The latest in the COVID-19 vaccine race
Scientists around the world are working at an accelerated pace to test different types of vaccines that could help to stop the spread of COVID-19.
Originally published 24 March 2020, updated 6 August 2020
When candidate vaccines make it to human clinical trials, they first go through phase 1 trials primarily to test the vaccine’s safety, determine dosages and identify any potential side effects in a small number of people. Phase 2 trials further explore safety and start to investigate efficacy on larger groups. The final stage, phase 3 trials, which few vaccines ever make it to, are much larger, involving thousands or tens of thousands of people, to confirm and assess the effectiveness of the vaccine and test whether there are any rare side effects that only show up in large groups. Here is a list of candidates at various stages of clinical trials.
MODERNA (USA) – MRNA VACCINE
This RNA vaccine has been developed by Moderna, in Cambridge, Massachusetts, and funded by the National Institute of Allergy and Infectious Diseases (NIAID), which is part of the US National Institutes of Health. The vaccine was tested in phase 1 trials on volunteers at the Kaiser Permanente Washington Health Research Institute in Seattle. Moderna has run phase 2 trials on participants of a wide range of ages and started phase 3 trials in July.
The first human trial for a coronavirus vaccine is underway in the United States. @GaviSeth, CEO of Gavi, says there is an “unprecedented effort” to find a vaccine that works pic.twitter.com/qL49OrsAVk — Quest Means Business (@questCNN) March 24, 2020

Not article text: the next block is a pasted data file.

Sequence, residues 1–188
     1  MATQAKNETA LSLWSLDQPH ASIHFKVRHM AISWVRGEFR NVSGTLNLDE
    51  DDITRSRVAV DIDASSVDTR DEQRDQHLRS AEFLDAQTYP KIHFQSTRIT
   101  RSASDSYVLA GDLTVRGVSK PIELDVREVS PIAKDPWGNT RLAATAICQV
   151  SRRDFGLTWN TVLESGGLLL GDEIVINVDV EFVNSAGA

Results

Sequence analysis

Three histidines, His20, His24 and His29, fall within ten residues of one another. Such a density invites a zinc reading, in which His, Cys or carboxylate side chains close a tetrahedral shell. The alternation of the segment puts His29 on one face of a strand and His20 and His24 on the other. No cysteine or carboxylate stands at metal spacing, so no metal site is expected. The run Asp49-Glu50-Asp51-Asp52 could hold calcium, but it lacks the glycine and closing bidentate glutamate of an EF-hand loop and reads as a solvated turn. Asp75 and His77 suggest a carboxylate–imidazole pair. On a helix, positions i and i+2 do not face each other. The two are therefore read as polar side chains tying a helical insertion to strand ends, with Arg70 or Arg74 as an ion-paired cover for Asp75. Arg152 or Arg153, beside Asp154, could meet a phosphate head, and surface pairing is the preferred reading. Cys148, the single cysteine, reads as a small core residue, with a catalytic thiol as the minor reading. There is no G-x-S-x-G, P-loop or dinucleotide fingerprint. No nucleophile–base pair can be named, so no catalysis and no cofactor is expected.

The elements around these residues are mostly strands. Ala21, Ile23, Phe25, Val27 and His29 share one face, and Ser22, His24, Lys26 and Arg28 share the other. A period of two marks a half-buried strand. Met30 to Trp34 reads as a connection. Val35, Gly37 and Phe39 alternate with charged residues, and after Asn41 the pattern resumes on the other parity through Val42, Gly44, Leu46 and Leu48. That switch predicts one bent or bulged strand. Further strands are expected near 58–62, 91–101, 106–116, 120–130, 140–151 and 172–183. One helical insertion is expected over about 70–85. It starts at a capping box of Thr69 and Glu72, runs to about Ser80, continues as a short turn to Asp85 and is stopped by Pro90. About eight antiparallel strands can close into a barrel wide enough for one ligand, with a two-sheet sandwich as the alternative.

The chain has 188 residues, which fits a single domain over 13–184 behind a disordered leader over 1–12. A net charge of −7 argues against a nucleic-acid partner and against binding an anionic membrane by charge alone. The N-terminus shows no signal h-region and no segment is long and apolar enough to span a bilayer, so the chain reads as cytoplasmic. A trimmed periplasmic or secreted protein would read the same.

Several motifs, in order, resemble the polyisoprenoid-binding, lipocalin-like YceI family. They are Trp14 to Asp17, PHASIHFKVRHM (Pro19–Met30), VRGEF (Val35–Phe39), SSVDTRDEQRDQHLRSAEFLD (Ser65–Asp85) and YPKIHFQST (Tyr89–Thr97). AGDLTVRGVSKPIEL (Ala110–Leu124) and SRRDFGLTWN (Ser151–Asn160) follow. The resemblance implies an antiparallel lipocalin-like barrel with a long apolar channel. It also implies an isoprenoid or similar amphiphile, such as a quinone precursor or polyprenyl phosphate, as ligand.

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SINOVAC (CHINA) – INACTIVATED VACCINE
So far, this inactivated vaccine has been tested on primates. It has protected rhesus macaques from contracting the virus in a test conducted three weeks after they were injected with the vaccine. Sinovac recently begun phase 3 trials involving 9,000 volunteers in Brazil.
WUHAN INSTITUTE OF BIOLOGICAL PRODUCTS (CHINA) – INACTIVATED VACCINE
The Wuhan Institute launched phase 3 trials in July in the United Arab Emirates, with 15,000 people scheduled to participate in total.
BEIJING INSTITUTE OF BIOLOGICAL PRODUCTS (CHINA) – INACTIVATED VACCINE
Like the Wuhan Institute, the Beijing institute is also part of China’s state-run Sinopharm Group, and is working on this vaccine with the Chinese Center for Disease Control and Prevention.
Phases 1 & 2
BIONTECH (GERMANY) – MRNA VACCINE
BioNTech, working together with Pfizer, started testing its BNT162 vaccine in humans in global trials initially in Germany, and recently started trials in the USA. BiotNTech has also entered into a € 100 million debt financing agreement with the European Investment Bank in order to scale-up the production of the vaccine in Europe.
BEIJING INSTITUTE OF BIOLOGICAL PRODUCTS (CHINA) – INACTIVATED VACCINE